Marketplace (CBC investigation/consumer rights TV program) had absolutely no problem tracking down and embedding a journalist [www.cbc.ca] in an offshore telemarketing scam company. They even took their findings to the head of the CRTC and asked "If we can find these people, why can't the police, or the CRTC?"

The response was basically stunned silence, followed by "We can only action on information we receive." [www.cbc.ca] . Even in the face of so many complaints and information given directly to them (including the name and address of the violating company, the CRTC just says "Oh, that's nice. We're pleased with the job the CRTC is doing. This should be a police matter." (16:50)

Or more accurately, when faced with the statement "Nobody has a solution", the CRTC's response is "That's right".

So I agree with you. It's sad that the full force of God can be brought down upon a teenager sharing some MP3, but when there is real, actual international fraud being committed on a grand and organized scale-- openly and brazenly-- the authorities who can stop it are nowhere to be seen. Actually worse-- they're right there, refusing to do anything while patting themselves on the back for a job well done.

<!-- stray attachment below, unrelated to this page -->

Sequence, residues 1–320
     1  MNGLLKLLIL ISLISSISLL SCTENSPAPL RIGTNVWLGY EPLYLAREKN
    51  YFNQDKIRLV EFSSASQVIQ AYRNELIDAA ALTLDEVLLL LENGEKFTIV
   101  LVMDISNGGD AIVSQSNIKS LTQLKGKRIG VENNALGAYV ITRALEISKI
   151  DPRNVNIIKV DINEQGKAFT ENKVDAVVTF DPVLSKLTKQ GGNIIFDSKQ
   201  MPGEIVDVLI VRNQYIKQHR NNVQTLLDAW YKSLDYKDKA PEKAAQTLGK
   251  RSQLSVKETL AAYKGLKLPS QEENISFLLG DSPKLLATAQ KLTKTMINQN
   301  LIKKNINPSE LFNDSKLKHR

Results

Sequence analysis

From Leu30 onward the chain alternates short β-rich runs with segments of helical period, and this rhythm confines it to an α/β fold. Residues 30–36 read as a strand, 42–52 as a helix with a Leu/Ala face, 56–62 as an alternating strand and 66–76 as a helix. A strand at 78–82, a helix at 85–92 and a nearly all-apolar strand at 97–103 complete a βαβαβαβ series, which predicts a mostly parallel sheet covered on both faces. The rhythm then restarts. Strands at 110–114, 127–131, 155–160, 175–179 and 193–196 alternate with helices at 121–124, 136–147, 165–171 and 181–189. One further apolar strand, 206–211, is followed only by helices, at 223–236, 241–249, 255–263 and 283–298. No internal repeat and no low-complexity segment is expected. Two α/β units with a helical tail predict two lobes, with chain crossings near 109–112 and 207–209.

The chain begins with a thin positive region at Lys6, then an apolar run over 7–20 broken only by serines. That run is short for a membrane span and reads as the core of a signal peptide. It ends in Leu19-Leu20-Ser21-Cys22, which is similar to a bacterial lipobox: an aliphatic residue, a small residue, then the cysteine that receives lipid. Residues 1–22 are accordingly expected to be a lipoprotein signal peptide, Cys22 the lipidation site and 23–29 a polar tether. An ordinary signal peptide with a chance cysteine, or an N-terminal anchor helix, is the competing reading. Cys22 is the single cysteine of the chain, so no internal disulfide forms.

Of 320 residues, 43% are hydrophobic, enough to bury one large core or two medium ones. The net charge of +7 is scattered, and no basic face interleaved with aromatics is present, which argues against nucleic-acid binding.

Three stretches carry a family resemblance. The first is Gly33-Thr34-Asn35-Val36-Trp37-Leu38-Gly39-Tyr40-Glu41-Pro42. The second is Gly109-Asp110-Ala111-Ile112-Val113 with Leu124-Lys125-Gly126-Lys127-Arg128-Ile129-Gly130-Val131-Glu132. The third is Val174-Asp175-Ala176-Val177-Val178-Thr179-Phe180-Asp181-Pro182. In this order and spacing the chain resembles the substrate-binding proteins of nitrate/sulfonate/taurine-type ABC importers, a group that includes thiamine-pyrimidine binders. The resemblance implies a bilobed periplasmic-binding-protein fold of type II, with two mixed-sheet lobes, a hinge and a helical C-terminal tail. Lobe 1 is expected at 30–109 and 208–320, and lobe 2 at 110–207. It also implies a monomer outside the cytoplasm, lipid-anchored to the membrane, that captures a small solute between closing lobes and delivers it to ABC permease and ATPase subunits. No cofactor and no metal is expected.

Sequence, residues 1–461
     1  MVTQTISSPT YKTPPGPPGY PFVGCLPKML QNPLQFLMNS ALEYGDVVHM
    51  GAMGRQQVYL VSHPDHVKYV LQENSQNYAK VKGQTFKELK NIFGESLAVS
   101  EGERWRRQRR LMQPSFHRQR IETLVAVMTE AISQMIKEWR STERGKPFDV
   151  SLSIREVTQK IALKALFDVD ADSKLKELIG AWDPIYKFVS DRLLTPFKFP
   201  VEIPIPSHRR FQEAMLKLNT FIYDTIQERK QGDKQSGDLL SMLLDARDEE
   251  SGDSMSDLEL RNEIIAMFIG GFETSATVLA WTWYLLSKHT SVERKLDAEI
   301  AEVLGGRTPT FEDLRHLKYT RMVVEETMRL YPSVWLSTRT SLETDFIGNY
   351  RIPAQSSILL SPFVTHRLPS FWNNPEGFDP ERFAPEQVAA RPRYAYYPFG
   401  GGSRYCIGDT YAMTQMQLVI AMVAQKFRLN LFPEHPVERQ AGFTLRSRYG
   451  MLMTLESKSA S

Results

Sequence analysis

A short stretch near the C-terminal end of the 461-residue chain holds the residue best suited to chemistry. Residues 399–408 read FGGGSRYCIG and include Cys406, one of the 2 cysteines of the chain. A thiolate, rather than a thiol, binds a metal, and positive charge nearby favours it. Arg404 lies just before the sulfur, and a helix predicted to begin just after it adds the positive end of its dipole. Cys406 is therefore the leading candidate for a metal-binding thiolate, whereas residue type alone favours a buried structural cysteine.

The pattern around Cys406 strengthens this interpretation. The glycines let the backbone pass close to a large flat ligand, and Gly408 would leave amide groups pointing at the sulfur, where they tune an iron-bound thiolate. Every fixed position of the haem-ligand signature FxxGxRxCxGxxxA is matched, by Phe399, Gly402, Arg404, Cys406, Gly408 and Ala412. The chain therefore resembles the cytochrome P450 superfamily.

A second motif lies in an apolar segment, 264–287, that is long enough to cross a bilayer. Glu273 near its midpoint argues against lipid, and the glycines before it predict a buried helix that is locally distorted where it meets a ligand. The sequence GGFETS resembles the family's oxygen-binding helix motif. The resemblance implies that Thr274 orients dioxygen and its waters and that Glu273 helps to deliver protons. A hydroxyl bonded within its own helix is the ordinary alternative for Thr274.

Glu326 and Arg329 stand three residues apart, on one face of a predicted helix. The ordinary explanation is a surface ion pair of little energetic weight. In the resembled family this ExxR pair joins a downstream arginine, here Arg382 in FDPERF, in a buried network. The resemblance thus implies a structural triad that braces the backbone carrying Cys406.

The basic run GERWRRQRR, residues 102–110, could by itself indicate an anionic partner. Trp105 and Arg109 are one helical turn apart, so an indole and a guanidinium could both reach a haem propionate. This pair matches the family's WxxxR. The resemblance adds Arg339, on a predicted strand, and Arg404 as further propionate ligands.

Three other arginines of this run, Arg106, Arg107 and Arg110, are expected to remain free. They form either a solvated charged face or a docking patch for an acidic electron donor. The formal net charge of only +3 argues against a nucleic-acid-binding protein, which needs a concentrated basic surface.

CBC Marketplace episode, To Catch a Telemarketer: http://www.cbc.ca/marketplace/episodes/2013/01/to-catch-a-telemarketer.html [www.cbc.ca]

Re:What I don't get is why scammers are tolerated. (1)

TheSeatOfMyPants (2645007) | about a year and a half ago | (#43113893)

You might want to change numbers and use a free online service like Google Voice when registering for something. Since taking that approach upon getting my current number 2.5 years ago, I've only gotten 1-2 spam texts/year and the rare unwanted calls are from locals trying to reach somebody else.